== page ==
“Pungmul is played with your heel!” say many celebrated performers of this percussion genre, underscoring the inseparability of the music and the musicians’ dance moves.
Merely listening to the music of pungmul is not sufficient for differentiating between passages where the meter does not change but the instruments play cross-rhythmically and those where the meter does change and the instrumental parts reflect this change. Such passages can only be differentiated through a choreological analysis that demonstrates the relationships between the stepping patterns of the dancing musicians and the music that they are simultaneously playing.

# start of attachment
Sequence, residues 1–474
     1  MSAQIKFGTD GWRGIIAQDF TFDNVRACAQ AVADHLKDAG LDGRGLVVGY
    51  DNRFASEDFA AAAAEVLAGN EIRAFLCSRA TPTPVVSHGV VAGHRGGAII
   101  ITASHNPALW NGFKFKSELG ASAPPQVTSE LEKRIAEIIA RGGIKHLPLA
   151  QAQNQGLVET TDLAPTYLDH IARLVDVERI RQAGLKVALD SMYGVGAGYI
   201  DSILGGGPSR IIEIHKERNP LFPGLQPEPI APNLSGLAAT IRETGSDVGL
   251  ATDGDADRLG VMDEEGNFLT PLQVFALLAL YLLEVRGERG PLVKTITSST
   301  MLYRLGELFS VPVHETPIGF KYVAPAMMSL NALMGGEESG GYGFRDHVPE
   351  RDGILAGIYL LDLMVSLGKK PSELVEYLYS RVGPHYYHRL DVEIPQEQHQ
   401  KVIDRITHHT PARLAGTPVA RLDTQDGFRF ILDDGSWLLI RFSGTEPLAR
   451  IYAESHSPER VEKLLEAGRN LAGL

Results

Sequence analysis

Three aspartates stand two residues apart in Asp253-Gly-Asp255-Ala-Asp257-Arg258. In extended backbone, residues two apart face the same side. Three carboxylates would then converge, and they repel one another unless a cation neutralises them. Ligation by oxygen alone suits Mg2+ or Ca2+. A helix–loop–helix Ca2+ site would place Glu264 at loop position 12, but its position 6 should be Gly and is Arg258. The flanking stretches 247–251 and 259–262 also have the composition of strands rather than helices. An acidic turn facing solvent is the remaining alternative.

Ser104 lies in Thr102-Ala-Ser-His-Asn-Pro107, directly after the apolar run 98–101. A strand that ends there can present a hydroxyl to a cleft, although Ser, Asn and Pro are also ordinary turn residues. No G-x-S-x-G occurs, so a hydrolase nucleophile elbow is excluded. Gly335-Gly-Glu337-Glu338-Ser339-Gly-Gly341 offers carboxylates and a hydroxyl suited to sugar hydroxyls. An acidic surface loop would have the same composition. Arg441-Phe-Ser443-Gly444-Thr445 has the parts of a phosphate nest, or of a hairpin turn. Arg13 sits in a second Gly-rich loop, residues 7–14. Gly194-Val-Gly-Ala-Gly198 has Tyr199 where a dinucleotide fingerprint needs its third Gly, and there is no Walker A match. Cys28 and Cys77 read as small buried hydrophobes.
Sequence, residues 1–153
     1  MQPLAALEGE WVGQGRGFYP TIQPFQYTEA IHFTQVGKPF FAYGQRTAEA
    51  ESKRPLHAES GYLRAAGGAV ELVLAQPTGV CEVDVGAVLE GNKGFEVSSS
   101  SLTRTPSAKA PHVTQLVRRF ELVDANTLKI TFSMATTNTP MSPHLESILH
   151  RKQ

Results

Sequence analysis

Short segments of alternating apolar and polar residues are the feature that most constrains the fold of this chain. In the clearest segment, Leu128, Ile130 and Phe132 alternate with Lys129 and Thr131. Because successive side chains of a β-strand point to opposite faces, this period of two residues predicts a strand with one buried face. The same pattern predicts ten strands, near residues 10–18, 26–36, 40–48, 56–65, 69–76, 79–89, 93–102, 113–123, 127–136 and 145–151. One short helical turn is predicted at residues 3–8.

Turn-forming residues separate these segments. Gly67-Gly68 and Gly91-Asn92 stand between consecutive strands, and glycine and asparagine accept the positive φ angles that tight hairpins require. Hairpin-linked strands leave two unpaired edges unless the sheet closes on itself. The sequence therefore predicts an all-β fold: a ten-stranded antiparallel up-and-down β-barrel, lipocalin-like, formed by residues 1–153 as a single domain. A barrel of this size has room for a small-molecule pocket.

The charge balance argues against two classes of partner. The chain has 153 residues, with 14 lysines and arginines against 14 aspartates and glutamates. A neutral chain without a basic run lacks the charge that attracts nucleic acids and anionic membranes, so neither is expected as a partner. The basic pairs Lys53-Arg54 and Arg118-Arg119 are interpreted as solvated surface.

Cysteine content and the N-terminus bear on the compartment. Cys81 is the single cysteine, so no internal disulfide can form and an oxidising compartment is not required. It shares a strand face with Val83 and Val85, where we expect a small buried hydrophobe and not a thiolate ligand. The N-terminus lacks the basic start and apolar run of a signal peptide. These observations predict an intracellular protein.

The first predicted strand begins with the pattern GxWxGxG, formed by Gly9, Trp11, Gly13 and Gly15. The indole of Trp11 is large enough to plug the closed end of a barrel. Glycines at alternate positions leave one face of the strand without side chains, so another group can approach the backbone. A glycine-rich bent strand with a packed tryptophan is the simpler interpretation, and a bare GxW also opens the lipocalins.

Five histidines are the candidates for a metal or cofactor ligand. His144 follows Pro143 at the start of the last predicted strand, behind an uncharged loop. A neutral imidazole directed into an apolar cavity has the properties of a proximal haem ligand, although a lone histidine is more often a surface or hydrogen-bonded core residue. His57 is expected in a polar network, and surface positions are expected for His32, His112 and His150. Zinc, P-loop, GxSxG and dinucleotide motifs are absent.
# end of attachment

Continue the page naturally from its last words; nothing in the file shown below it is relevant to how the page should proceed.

This according to “‘Pungmul is played with your heel!’ Dance as a determinant of rhythmic construct in Korean percussion band music/dance” by Nathan Hesselink (Eum’ag gwa munhwa/Music and culture IV  pp. 99–110). Below, a taste of pungmul from the Gungnip Minsok Bangmulgwan (National Folk Museum) in Seoul.